Each prisoner in turn was given a lethal injection of carbolic acid (phenol) in the vein of his left arm.  Maximilian, with a prayer on his lips gave his arm to his executioner.  Maximilian Kolbe was 47 years old when he was executed on August 14, 1941

What happened to the Polish Sergeant Franciszek Gajowniczek?

Well, he was released from Auschwitz after spending almost five and a half years in the camp.

When Pope Paul VI beatified Maximilian Kolbe in 1971, Gajowniczek  was a guest of the Pope.

In 1972, over 150,000 people made a pilgrimage to Auschwitz to honour the anniversary of Maximilian’s beatification. One of the first to speak was Gajowniczek who declared “I want to express my thanks, for the gift of life.”

He was again a guest of the Pope when Maximilian Kolbe was canonized on October 10, 1982.

He never forgot Father Kolbe and spent the five decades from his time at Auschwitz until his own death in March 1995 at the age of 95 honouring the man who died on his behalf.

Just before he died he said that  “as long as he . . . has breath in his lungs, he would consider it his duty to tell people about the heroic act of love by Maximilian Kolbe.”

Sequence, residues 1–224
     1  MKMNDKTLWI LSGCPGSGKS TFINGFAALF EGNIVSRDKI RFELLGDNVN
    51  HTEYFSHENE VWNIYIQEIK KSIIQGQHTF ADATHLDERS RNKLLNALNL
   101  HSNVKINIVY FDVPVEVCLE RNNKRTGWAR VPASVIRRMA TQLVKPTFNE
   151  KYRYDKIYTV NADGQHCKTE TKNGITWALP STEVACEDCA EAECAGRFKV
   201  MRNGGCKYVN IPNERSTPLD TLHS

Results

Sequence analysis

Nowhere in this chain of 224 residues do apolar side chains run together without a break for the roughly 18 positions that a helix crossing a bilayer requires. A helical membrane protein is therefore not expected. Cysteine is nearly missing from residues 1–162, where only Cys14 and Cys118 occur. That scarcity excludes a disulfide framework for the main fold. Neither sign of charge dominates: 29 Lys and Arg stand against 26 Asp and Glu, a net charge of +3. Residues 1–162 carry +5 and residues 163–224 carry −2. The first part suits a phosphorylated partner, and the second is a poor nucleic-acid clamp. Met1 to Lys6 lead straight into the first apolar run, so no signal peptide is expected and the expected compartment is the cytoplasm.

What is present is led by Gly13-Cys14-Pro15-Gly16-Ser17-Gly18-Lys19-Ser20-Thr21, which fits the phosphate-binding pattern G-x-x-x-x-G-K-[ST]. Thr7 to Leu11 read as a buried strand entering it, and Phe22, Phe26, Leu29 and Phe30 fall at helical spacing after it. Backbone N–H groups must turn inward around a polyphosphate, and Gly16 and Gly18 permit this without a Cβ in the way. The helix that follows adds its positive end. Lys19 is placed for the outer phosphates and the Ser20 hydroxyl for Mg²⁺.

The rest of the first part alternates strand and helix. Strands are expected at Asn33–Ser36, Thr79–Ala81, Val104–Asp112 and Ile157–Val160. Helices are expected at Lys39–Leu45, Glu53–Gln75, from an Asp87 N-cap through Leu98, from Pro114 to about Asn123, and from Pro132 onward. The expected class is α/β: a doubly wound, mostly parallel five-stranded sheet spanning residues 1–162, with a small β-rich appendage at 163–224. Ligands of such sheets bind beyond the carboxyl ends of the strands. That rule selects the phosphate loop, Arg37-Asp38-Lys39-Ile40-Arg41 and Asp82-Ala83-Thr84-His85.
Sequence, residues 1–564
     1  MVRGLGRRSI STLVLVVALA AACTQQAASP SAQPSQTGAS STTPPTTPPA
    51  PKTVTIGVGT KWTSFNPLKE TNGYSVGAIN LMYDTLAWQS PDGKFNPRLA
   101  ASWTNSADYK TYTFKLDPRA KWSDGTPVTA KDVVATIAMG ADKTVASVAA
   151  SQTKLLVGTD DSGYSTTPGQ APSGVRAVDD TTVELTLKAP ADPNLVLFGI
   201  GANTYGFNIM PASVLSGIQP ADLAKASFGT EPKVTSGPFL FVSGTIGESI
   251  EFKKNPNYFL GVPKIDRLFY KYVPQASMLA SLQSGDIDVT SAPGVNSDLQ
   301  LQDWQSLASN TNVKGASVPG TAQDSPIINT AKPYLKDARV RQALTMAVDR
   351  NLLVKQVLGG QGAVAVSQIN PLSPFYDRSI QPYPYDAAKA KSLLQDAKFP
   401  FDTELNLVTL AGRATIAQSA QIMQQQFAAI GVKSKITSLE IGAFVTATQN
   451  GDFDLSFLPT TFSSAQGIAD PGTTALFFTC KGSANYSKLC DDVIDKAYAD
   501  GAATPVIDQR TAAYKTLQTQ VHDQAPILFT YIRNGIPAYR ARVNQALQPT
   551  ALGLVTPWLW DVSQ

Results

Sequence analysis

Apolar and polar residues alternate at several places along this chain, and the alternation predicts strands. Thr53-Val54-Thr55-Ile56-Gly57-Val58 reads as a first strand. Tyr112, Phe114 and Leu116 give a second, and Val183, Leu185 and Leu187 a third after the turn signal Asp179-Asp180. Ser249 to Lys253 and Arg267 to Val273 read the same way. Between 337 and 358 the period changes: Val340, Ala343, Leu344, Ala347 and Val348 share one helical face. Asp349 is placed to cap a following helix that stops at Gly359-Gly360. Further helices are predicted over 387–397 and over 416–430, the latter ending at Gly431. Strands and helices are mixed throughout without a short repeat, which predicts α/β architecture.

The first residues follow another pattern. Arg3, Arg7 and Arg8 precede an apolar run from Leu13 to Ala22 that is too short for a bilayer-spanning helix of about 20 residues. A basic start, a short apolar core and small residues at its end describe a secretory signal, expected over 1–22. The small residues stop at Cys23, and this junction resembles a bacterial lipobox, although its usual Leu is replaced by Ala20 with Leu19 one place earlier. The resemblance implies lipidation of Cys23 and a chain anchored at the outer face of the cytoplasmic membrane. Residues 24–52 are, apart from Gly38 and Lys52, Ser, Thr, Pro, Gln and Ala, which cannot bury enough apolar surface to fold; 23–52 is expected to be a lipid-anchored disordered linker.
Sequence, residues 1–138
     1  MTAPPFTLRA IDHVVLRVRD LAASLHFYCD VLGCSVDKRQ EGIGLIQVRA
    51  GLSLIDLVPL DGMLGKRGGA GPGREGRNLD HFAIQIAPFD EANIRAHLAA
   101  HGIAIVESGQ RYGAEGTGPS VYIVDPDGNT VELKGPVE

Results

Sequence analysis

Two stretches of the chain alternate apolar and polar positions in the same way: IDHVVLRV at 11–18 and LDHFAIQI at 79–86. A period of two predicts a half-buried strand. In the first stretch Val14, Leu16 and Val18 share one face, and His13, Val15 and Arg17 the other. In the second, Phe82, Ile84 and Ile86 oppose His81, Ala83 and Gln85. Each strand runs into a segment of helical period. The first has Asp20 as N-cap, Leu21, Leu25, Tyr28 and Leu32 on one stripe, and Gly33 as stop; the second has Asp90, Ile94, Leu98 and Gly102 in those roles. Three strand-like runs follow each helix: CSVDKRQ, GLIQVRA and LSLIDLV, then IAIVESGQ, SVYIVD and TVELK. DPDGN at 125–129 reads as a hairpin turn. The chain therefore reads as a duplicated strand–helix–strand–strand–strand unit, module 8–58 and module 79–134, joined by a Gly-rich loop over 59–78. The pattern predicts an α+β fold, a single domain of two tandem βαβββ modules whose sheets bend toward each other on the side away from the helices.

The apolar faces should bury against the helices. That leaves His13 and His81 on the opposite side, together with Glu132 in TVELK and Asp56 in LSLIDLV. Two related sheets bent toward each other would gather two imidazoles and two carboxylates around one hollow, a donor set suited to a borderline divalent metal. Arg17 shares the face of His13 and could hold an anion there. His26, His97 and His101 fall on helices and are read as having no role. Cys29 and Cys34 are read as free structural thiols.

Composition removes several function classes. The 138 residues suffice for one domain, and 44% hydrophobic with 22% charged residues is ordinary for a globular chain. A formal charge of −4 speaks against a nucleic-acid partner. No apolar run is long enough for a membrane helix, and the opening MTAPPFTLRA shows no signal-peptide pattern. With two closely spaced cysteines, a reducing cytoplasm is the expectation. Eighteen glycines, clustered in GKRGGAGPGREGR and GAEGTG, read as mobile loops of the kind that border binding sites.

The ability to remember is a wonderful gift that God has given to us. 

The Bible is a book of Memories too. 

There we can recall God’s goodness to his people starting with the stories of Abraham, Isaac and Jacob in the Old Testament.

There we remember – in the New Testament – the story of God sending his own Son Jesus into the world to bring mankind back into a right relationship with God – culminating with the ultimate sacrifice that Christ made on our behalf on the Cross

But the Bible is more than just a book of memories. In it we are reminded how God wants us to live

Jesus gave us two great rules to govern life in our society:  the first was this: to “Love the Lord your God with all your heart, with all your soul and with all your mind” The second was to “Love your neighbour as yourself” 

We remember the past with thanksgiving; we live in the present in joy; we look to the future in hope

 

Scripture reference: John 15 verses 9-17

2 Comments

Filed under The Ramblings of a Reformed Ecclesiastic